Illinois is the fifth-largest industrial state and we are home to numerous dynamic, successful businesses and institutions that comprise a diverse economy. But our record on job creation has been poor, even long before the economic recession settled in. Illinois' unemployment rate is among the worst in the nation. In a 2009 report by the American Legislative Exchange Council, Illinois ranked 48th in the nation in terms of job creation. Our state has shed over 52,000 manufacturing jobs alone over the past year as more than 700 manufacturing firms have shut their doors.
The Illinois Chamber of Commerce recognizes that the strength of the state’s economy and ability of its workforce to compete on a global scale rests on the quality of the state’s education system. The state and the business community fail when students are not challenged to succeed. The Illinois Chamber believes we should build a stronger compact between employers and educators so we are preparing our children for the jobs of today and tomorrow – whether that job demands a college education, a graduate degree, skills training in community or technical colleges, high school degree or union apprenticeships.
United States is facing the worst economic challenges since the Great Depression and Illinois is faring worse than most. A new report from the American Legislative Exchange Council ranks our economic performance among the ten worst states in the country and our unemployment rate of 11% exceeds the national average.
Illinois employers spend approximately $25 billion annually for health care benefits. While the cost of health care is important, employers and consumers must be able to expect quality health care from medical providers and their health plans. Healthy employees are productive employees. With quality and efficiency improvements, Illinois will be better postured to increase access to health care coverage. Without such improvements, the number of uninsured will increase and Illinois will be a decreasingly attractive state for businesses to locate.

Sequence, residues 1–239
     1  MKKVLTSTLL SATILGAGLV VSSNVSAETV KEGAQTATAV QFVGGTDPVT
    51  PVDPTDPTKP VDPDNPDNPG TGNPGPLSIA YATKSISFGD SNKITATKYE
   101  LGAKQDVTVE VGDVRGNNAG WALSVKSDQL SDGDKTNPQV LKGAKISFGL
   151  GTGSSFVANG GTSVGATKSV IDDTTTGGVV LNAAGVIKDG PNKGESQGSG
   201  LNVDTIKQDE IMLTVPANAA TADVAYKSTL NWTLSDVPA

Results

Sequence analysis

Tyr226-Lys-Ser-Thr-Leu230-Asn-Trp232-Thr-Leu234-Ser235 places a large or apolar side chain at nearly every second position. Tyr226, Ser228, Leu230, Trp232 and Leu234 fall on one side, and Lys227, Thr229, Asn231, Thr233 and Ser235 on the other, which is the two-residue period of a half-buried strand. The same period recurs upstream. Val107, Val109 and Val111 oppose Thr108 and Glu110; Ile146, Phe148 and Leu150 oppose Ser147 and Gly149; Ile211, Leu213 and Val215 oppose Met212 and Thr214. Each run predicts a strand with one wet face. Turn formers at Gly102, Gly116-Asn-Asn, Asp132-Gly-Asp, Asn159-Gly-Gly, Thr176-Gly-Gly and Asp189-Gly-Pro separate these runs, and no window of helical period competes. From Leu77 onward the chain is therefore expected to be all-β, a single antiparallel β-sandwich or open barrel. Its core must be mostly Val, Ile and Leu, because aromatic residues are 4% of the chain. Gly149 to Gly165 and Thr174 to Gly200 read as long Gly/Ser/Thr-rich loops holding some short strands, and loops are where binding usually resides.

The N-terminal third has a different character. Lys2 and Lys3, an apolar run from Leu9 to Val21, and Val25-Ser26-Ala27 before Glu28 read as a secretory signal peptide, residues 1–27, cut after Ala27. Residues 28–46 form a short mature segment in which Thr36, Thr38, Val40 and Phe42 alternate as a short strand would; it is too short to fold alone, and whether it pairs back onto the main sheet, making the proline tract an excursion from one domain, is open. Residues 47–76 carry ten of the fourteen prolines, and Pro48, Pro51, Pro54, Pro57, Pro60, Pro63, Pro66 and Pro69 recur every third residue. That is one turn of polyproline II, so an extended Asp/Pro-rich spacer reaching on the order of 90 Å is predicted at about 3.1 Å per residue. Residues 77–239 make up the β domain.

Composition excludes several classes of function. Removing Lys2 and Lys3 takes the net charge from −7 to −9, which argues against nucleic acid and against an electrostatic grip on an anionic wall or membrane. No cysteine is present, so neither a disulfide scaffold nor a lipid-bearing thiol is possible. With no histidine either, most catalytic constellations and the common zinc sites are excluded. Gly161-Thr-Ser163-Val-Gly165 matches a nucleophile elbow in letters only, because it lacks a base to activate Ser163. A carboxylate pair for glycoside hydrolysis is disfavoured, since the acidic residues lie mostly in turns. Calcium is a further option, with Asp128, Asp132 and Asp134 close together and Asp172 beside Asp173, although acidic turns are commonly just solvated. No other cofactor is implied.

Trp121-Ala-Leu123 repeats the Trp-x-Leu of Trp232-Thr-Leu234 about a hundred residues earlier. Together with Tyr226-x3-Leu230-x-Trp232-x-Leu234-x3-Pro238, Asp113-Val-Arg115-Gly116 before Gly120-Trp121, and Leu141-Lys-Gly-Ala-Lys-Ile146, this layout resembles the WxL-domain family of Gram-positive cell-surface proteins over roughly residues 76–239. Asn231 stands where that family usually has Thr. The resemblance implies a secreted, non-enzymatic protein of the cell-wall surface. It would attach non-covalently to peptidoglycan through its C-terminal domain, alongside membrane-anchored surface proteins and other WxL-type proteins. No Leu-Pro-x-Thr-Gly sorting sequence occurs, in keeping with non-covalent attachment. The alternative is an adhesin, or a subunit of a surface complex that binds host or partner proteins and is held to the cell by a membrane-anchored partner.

Illinois’ transportation system plays a pivotal role in the nation’s ability to move goods and people because of its geographic location and extensive road, rail, airport and waterway network. It also serves as a critical factor in maintaining the current and future economic vitality of the state.
Chicago’s O’Hare International Airport is an established gateway to the world. The concentration of foreign consulates and ethnic diversity of Chicago are indicative of a world-class city. Measured by container cargo traffic alone, Chicago is ranked the second busiest port in the world.
In order to stimulate growth and attract new jobs to Illinois, the state must significantly improve its business tax climate. The non-partisan Tax Foundation gave Illinois dismal marks for its high sales, unemployment insurance and property taxes, which ultimately culminated in a state business tax climate ranking of 30th in the nation- a drop of seven slots from the previous fiscal year.
Illinois’ legal climate is one of the worst in the nation, ranking 46th out of 50 states for lawsuit abuse, according to Lawsuit Climate 2008: Ranking the States – an annual Harris Interactive Survey conducted for the U.S. Chamber Institute for Legal Reform. In addition, Cook County was named the second least fair and reasonable litigation environments in the nation.
Workers’ compensation in Illinois is in dire need of reform. Illinois’ workers compensation costs are the 11th highest in the nation, up from 21st in the nation just 3 years ago. Furthermore, the state’s workers’ compensation costs are far higher than surrounding states, which means Illinois is growing more susceptible to losing jobs to bordering states where companies can find relief from these increasing costs.
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